Message & Media: Meet Your Marketing Allies
"Clue in Your Copywriter" generated a healthy response from both writers and those of you who deal with us, so I knew I hit a hot button. One woman wrote to me that she went so far as to tape the column to her boss' desktop.
Now, I'm expanding the discussion to help you get more for your money invested in direct response writers and designers.
In a recent phone call with Patrick Fultz—one of my favorite direct design colleagues—he summed up the problem: "People don't really understand what we do, why we do it and how we work together." This lack of understanding gets in the way of us doing our joint job of generating response.
That's why I'm giving you a glimpse into the thought process of a direct response creative team: writer and designer. Or as Patrick says: 1 writer + 1 designer = 3 times the ideas.
First, think of us as your marketing allies. We want what you want—increased clicks, calls, visits and sales. As direct response designers and writers, we are highly competitive professionals who measure success not by the awards we win, but the controls we beat.
Second, it's time to rethink the old direct marketing adage, "Copy is king." From my experience working with top-notch direct response designers, I know we give you a stronger end product when we work together from the get-go.
We are creative strategists first, writers and designers second. This is why we ask so many questions. We don't work in a vacuum. We need information and have a reason for just about everything we do. Help us do our best work by giving us a creative brief with access to the following information:
• Business objective: Help us understand the marketing goal. Is it to acquire new customers? Transform first-time tryers into second-time buyers? Increase the average sale? Identify better qualified landing page leads? Counter new competition?
• Targeted audience: Tell us everything you know about the audience. We want to know them inside out. Statistics are good; so are anecdotal and qualitative insights. Give us demographics, psychographics and behavioral patterns. The more we know about the individual whose behavior we are trying to change, the more successful we'll be.
• Product details: What are the top three selling points of your product/service for the audience targeted? What are your competitive advantages? Give us features and benefits. Tell us if the product is new, improved, an exclusive or available in limited quantities. We like to see charts and graphs—we may use them. What you take for granted after years of working with your product may be the creative "hook" we need.
• Competitive insights: What are we up against? Who are your top competitors? What differentiates your product or company from theirs? Comparison shoppers know who your competitors are—your creative team should, too.
• Media rationale: Tell us why you selected direct mail, email or whatever media you're using. Let us know how you're supporting it with social media. Tell us which media you've tested—which worked, which didn't. Last, but not least, we need to understand customer expectations. For example, if you are testing email to a customer list that has always heard from you via direct mail, tell us.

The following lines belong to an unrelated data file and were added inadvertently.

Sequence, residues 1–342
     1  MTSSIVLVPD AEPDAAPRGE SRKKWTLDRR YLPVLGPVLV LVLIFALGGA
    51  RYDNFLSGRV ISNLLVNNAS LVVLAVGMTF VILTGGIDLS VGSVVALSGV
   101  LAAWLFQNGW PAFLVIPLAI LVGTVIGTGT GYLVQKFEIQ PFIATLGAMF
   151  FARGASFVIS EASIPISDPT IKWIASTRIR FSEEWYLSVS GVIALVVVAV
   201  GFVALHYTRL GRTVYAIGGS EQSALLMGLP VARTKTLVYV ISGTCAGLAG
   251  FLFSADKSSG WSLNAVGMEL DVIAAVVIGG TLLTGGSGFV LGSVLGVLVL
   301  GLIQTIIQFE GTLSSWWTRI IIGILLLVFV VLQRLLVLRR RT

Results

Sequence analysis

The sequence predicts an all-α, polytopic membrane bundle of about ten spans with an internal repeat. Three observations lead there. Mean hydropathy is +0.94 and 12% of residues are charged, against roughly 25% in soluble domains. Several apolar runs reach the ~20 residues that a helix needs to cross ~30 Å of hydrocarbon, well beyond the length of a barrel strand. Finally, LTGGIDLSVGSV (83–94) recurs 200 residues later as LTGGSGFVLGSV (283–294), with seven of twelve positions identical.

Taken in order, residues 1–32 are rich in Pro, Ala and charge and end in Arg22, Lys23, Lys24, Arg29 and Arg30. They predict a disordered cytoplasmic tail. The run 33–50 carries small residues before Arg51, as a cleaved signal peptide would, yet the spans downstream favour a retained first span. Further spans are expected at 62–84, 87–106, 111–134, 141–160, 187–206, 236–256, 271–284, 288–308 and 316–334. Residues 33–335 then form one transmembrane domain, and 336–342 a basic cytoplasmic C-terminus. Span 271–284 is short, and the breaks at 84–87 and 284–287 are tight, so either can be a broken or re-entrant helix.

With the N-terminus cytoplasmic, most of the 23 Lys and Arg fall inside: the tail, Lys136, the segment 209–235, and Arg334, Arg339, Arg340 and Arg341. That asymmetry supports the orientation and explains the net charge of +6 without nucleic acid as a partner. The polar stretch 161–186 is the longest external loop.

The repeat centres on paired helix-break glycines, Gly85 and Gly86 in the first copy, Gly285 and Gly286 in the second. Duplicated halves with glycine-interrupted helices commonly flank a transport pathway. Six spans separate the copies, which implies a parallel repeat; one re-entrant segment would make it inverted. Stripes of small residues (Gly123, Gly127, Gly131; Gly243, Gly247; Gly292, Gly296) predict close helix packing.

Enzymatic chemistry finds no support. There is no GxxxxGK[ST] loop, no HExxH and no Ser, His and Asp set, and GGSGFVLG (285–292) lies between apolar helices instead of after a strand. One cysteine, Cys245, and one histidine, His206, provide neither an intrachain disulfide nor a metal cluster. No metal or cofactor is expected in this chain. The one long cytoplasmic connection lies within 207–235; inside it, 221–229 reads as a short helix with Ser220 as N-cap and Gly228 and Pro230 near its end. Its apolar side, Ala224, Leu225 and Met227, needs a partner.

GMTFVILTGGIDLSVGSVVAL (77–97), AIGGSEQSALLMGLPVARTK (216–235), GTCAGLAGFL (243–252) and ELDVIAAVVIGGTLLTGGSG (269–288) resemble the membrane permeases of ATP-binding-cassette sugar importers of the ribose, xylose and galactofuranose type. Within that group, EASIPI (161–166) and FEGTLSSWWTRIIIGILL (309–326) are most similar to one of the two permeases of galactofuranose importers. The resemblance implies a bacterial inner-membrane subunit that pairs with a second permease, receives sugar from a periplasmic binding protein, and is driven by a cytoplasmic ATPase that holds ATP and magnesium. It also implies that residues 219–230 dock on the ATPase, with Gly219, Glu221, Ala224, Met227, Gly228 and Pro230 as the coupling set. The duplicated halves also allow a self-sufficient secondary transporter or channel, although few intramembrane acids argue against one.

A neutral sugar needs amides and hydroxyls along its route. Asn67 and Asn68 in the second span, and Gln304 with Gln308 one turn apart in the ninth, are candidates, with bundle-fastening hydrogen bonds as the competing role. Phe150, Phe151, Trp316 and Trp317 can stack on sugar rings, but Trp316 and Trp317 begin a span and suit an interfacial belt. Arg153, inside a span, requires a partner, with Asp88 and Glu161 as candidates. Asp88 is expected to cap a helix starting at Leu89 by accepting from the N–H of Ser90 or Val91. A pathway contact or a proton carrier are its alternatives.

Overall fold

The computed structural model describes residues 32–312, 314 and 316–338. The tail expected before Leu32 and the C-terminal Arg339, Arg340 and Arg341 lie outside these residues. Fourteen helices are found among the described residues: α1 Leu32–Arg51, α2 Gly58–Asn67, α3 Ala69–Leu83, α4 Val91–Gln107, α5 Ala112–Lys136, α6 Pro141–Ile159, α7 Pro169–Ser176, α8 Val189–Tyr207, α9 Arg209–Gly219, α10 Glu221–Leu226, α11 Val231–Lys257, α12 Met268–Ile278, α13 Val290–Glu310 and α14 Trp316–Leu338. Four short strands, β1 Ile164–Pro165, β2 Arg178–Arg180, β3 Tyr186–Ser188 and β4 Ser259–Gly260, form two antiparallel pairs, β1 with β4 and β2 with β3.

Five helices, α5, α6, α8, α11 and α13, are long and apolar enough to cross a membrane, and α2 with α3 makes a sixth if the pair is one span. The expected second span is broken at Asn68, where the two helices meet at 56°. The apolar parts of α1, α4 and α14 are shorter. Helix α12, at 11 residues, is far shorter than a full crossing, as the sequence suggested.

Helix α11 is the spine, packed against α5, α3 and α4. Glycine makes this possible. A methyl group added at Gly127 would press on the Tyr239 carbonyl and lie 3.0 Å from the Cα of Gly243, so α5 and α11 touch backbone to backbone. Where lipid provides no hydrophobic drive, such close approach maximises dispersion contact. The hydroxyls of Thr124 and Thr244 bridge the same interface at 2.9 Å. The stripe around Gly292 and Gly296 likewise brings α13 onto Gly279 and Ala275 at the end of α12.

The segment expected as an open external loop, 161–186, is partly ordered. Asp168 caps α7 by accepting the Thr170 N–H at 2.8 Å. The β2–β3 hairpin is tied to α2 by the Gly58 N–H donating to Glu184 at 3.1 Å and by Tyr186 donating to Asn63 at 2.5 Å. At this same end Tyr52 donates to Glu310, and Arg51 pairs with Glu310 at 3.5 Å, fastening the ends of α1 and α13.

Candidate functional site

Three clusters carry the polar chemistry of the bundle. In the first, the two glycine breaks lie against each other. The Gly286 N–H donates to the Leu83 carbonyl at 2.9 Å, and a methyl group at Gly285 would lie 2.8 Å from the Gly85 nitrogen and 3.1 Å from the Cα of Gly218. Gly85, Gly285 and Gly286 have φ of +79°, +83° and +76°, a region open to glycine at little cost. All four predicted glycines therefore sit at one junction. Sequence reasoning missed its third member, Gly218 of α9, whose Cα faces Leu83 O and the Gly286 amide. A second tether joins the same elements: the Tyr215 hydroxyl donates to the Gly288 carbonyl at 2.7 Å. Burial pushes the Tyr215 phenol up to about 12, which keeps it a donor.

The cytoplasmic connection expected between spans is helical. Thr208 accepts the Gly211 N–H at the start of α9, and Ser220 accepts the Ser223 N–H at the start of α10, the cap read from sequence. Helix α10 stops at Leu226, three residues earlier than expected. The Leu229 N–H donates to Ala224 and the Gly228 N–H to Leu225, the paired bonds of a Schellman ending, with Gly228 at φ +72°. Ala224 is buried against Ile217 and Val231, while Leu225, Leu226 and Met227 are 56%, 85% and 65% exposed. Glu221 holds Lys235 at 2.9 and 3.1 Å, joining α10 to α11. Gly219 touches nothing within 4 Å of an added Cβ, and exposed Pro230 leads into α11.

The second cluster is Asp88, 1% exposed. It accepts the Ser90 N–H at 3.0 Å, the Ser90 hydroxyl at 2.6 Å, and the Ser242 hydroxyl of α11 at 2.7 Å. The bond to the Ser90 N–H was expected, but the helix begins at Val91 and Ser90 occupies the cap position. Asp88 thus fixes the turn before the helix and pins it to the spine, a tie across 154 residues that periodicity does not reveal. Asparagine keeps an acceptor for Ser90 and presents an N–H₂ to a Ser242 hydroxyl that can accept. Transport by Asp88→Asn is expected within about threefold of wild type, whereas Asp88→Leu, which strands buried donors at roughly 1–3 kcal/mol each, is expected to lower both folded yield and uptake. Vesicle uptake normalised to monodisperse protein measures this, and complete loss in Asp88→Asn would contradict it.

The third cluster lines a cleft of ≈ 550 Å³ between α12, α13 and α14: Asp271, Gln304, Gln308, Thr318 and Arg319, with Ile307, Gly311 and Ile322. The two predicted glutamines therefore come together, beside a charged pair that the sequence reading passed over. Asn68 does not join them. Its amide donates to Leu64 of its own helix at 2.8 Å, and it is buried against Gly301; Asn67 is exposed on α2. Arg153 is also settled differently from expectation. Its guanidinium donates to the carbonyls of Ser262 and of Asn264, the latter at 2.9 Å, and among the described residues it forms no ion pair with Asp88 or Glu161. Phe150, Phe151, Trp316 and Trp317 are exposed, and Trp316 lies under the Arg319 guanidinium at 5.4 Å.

• Buying objections: Do you know why qualified buyers aren't buying from you? If not, ask your sales or customer service staff. Better yet, let us ask them. We love a challenge, but we need to understand the obstacles we have to overcome. Experienced writers and designers address buying objections in their creative strategy.
• Format: Is the format pre- determined? If so, tell us what it is and why we're using it. If you want format recommendations, let us know. This applies to both traditional and digital media.
• Customer reviews: As much as we need information from you, it also helps us to know what customers are saying about you. In their own words, please. It's not unusual to find a control-beating subject line, headline or outer envelope teaser buried in a customer comment.
• Test results and response rates: It's useful to know what you've tested in the past—what worked and what didn't. While you may prefer not to disclose response rates, we need to know if we're trying to beat a control generating 1.5 percent or 15 percent response. And please let us know by how much we need to beat the control to be a winner.
• Beyond response rates: Don't assume we don't care about numbers beyond response rates. We understand the value of increasing your back-end closure rate, order size, lives per app and little details like lifetime value across all channels.
• Production/technology matters: Many of us like to talk with vendors and production resources so we understand their capabilities and use them cost- effectively. Today's direct response writers and designers embrace change and jump at appropriate opportunities to test new technology such as QR Codes.
As you can see, direct response writers do more than string together words punctuated with the word FREE. And direct response designers do more than just put a pretty face on a ho-hum offer. We are your marketing allies—both strategists and tacticians.